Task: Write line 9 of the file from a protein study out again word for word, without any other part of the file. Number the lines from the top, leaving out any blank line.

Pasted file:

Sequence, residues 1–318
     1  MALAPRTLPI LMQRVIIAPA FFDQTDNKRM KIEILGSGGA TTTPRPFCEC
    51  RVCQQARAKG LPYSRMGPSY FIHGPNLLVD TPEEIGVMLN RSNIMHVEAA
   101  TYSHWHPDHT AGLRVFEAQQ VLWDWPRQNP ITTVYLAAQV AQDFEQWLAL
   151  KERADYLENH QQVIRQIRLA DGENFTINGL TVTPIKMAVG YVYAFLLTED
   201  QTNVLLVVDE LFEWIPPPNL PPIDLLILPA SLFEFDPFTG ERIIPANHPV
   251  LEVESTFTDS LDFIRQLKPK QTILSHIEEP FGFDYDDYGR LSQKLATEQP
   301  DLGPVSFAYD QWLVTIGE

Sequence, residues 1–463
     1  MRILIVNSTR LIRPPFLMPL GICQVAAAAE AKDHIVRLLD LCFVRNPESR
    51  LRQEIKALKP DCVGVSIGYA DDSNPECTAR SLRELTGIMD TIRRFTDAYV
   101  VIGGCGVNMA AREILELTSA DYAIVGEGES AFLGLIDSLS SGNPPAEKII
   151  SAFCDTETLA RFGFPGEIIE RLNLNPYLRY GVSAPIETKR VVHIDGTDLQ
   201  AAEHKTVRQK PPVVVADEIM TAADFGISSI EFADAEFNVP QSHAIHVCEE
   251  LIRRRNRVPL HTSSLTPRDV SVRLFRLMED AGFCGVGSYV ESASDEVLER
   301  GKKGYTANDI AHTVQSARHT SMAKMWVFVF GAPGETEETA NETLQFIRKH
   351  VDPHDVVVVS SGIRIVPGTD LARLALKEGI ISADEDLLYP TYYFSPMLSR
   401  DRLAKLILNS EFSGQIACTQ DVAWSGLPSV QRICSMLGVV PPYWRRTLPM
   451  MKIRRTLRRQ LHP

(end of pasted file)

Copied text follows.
Sequence, residues 1–463